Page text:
The banking section also pitched in with the department's efforts. In addition to ongoing work on regulatory reform, banking staff published an issue of the quarterly Banking Legislation and Policy that provided information on a range of crisis-related topics, including responses to the liquidity crises at financial institutions, the government takeover of Fannie Mae and Freddie Mac, the lending facility that the Fed created for AIG, and the Fed's widening of collateral accepted for loans to banks. The quarterly Banking Brief kept market participants and the public up to date about conditions at banks in the Third District and nationwide.

Over the course of 2008, other output from the department reflected the economists' interest in the financial crisis and their attempts to analyze it. For example, Business Review articles touched on such topics as liquidity crises, the effects of bankruptcy on homeownership, and the "fresh start" provisions of the bankruptcy law. The department's Working Paper series produced studies in such areas as monetary policy, forecasting models, core measures of inflation as predictors of total inflation, the effects of monetary tightening on local banks, and central bank structure and effective central banking. In addition, department staff produced several special reports that discussed such topics as the use of real-time data to date recessions and conditions in the housing market in the Third District. Staff members also made an unusually large number of speeches, chiefly devoted to outlooks on the local economy.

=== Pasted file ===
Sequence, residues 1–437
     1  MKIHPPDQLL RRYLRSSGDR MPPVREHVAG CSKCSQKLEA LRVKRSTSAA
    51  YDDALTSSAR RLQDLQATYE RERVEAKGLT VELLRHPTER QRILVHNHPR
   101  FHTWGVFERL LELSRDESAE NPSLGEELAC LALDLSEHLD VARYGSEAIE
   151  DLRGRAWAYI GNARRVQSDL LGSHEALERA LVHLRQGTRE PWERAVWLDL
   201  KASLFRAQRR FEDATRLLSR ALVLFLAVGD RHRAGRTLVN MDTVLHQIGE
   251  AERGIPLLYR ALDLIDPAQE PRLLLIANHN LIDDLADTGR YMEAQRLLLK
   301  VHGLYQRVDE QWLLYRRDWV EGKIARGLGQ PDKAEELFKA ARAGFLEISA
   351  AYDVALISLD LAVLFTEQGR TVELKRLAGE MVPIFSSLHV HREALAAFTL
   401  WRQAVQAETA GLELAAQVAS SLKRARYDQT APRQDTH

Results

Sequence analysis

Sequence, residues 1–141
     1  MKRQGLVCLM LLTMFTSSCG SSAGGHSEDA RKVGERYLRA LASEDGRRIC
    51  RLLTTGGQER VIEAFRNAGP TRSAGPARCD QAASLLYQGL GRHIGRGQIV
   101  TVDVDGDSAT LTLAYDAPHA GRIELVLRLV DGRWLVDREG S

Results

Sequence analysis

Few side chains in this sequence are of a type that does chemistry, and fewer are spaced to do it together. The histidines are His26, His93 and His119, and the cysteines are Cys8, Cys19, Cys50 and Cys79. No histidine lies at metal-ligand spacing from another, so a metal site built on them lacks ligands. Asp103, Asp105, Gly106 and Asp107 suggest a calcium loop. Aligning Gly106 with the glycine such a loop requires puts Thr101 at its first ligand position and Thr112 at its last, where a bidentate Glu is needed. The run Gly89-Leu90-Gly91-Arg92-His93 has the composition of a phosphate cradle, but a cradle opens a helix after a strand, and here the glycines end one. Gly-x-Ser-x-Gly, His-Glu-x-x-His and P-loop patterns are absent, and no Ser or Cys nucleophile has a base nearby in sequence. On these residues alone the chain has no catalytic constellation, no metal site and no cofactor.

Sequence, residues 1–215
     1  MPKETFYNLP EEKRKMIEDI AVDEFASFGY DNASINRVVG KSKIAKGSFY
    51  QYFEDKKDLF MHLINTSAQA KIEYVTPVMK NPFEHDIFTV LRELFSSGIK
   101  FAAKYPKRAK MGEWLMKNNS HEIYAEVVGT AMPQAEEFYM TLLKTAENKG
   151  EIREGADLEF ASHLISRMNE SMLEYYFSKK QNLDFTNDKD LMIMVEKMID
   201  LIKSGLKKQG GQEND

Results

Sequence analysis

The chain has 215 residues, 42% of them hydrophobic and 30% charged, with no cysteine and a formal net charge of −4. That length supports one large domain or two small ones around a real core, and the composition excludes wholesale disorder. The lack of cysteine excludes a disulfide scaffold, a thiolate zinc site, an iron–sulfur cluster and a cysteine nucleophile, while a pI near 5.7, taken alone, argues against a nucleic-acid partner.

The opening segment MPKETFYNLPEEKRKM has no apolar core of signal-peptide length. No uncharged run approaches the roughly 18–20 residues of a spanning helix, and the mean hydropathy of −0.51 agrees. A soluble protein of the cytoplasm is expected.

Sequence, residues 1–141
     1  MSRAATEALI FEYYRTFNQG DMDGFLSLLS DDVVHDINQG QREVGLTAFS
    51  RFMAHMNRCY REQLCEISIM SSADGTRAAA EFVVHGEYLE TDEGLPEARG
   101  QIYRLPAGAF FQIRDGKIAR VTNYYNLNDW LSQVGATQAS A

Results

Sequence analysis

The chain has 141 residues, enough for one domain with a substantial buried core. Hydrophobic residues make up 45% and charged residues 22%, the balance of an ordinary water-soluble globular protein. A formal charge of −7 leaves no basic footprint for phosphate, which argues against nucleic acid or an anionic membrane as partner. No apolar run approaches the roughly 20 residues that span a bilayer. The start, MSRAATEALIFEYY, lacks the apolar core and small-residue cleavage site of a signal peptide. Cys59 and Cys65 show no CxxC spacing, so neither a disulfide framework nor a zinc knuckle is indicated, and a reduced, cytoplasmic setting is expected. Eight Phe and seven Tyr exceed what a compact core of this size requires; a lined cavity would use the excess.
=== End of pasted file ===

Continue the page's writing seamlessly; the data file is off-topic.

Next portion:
In sum, besides its usual annual workload, the Research Department shouldered additional responsibilities occasioned by an unprecedented financial crisis and economic downturn. In meeting these responsibilities, not only did the department help keep Bank staff, directors, and interested parties in the Third District informed and up to date, its work also sought to lay the groundwork for improved policymaking in the future.